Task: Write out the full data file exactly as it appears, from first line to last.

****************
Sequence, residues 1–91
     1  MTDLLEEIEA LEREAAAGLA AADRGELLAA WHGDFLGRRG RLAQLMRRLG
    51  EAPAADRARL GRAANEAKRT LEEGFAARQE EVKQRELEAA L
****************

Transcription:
Sequence, residues 1–91
     1  MTDLLEEIEA LEREAAAGLA AADRGELLAA WHGDFLGRRG RLAQLMRRLG
    51  EAPAADRARL GRAANEAKRT LEEGFAARQE EVKQRELEAA L